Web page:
American Heritage® Dictionary of the English Language, Fourth Edition
- n. A plant. Often used in combination: liverwort; milkwort.
- n. An infusion of malt that is fermented to make beer.
Century Dictionary and Cyclopedia
- n. A plant; herb; vegetable. Wort is very frequent in old botanical names of plants, as in
bone-, bishop-, blood-, cole-, liver-, lung-, mead-, mug-, rib-, spear-, stitch-wort, etc. See colewort, liverwort, etc.
- n. The infusion of malt which after fermentation becomes beer.
- n. An infusion of malt, formerly used in scurvy and as a dressing to foul ulcers.
- n. Same as whort.
- n. A plant; herb; vegetable.
- n. Any of various plants or herbs. The word is usually used in combination to refer to specific plants, e.g. St. John’s wort; however, it may be used on its own as a generic term.
- n. Liquid extract from the ground malt and grain soaked in hot water, the mash, as one of the steps in making beer
GNU Webster's 1913
- n. (Bot.) A plant of any kind.
- n. Cabbages.
- n. An infusion of malt which is unfermented, or is in the act of fermentation; the sweet infusion of malt, which ferments and forms beer; hence, any similar liquid in a state of incipient fermentation.
- n. usually used in combination: `liverwort'; `milkwort'; `whorlywort'
- n. unfermented or fermenting malt
- From Middle English wort, worte, from Old English wyrt, wyrte ("brewing wort, new beer, spice"), from Proto-Germanic *wurtijō (“spice”), from Proto-Indo-European *werǝd-, *wrād- (“sprout, root”). Cognate with Dutch wort ("wort"), German Würze ("wort, seasoning, spice"), Danish urt ("beer wort"), Swedish vört ("beer wort"). (Wiktionary)
- Middle English, from Old English wyrt; see wrād- in Indo-European roots. (American Heritage® Dictionary of the English Language, Fourth Edition)
“When the malt has been sufficiently mashed, the wort is drawn off by the spigot, and it will be found that the eighteen gallons of water have only yielded about thirteen gallons of wort, and sometimes not so much.”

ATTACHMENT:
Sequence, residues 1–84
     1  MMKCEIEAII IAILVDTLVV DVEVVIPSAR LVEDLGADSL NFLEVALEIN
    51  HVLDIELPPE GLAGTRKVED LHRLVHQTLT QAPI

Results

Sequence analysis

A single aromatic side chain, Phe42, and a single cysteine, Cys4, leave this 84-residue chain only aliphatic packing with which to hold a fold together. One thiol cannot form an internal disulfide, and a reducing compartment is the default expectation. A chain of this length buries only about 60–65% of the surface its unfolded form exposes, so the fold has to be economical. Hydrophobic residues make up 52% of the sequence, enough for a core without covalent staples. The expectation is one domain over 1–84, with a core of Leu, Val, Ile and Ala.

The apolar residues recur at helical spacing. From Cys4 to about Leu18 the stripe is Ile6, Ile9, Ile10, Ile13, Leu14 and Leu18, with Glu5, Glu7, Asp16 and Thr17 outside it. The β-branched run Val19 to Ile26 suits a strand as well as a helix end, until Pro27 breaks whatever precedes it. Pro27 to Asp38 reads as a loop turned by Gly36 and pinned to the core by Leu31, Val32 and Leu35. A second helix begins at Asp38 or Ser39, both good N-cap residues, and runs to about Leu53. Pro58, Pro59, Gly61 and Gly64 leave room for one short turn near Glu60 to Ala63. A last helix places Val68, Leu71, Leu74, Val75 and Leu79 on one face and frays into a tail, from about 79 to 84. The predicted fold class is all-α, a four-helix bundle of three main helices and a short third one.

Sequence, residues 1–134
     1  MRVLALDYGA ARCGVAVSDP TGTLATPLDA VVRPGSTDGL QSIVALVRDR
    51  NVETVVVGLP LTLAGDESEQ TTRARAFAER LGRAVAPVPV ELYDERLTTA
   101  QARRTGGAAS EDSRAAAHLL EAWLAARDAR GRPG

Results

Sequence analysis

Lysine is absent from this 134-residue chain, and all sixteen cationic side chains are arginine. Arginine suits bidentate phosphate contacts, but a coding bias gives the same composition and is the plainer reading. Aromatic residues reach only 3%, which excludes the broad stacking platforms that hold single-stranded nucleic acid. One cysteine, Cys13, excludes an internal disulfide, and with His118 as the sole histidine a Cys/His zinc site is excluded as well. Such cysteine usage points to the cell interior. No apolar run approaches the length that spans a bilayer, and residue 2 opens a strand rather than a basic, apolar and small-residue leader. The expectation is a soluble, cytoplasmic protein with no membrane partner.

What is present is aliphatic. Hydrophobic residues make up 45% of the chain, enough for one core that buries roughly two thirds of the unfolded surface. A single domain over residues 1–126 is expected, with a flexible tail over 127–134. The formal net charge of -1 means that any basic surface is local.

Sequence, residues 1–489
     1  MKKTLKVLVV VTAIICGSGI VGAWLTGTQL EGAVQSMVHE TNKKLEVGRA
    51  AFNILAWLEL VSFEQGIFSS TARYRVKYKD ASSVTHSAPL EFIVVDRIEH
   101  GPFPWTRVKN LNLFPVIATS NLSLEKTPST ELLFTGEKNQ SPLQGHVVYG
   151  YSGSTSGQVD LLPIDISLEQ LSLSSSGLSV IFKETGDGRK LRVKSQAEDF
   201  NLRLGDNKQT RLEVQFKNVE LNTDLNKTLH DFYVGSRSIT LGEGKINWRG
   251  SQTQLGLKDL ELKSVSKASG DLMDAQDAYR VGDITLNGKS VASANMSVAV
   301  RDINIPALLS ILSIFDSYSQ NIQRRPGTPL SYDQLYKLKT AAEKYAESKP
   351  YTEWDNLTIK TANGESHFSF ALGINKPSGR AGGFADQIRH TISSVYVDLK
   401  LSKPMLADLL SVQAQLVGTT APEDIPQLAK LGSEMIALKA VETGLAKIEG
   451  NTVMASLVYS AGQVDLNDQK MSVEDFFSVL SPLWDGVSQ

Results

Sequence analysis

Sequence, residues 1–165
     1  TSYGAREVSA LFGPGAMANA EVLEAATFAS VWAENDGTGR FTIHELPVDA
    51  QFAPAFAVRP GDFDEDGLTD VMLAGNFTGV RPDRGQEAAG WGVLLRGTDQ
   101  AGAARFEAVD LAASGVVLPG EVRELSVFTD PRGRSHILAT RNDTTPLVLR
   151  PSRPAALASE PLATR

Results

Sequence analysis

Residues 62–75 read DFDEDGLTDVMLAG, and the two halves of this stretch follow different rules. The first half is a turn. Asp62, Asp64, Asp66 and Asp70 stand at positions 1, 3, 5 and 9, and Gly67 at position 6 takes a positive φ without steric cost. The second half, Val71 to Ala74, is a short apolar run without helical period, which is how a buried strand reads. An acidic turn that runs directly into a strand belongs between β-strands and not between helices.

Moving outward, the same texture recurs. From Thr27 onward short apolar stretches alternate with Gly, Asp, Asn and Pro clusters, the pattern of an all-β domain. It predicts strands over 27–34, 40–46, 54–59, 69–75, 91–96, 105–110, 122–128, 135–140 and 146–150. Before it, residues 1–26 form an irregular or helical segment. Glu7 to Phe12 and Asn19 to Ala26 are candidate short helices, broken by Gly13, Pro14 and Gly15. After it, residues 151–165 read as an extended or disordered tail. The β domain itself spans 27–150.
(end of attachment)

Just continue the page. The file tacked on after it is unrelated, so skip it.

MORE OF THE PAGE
“An actor plays the part of master brewer, explaining the brewing process while stirring a steaming cauldron full of "wort" -- the mash that is mixed with yeast before beer is fermented.”
“Newer: the password validation - even mmmm … I think the st. john’s mmmm … I think the st. john’s wort is kicking in. this afternoon/evening I’ve gotten some amazing work done. all the goofy little problems with the work order database are just unravelling themselves, ever so neatly.”
“The water that's added to the grains is called "liquor" (yes, confusing, get over it) and liquid that comes off the grains is called wort (pronounced "wert").”
“St. John's wort, which is often taken for depression, can alter the potency of certain prescription drugs.”
“The result is a sweet, brown liquid called the wort.”
“The American element is represented by the Pipe-wort, which is common, and the little water plant, _Naias flexilis_, which grows near Roundstone.”
“A root yielding a grateful bitter was used in lieu of hops, the name of which I have forgotten; but the corn which yields the wort is the holcus spicatus of botanists.”
“The fig-wort, which is generally two or three feet high, stands in one ditch fully eight feet, and the stem is more than half an inch square.”
“He had ceased to brew for some time; Cicely could, however, remember sipping the sweet wort, which is almost too sweet for the palate after childhood.”
These user-created lists contain the word ‘wort’.
Words about beer and the making of it.
"Luciferous Logolepsy is a collection of over 9,000 obscure English words. Though the definition of an 'English' word might seem to be straightforward, it is not. There exist so many adopted, deriv...
I have in mind the worts associated with a green thumb rather than a green beer - but as you can see by the name, I'll accept anything you have to offer.
Words associated with the art & science fermentation in brewing, winemaking and distilling.
Words that, for various reasons, I wish we could do without.
The liner notes that accompany Papa San's dancehall album God & i include this thoughtful list of Jamaican-to-American translations, to aid in understanding what the heck he's saying in each song.
words that evoke magic, mystery, mayhem, magnificence or anything else that glimmers in the grass
favorite words. some are made up injokes between me and my husband or family.
Looking for tweets for wort.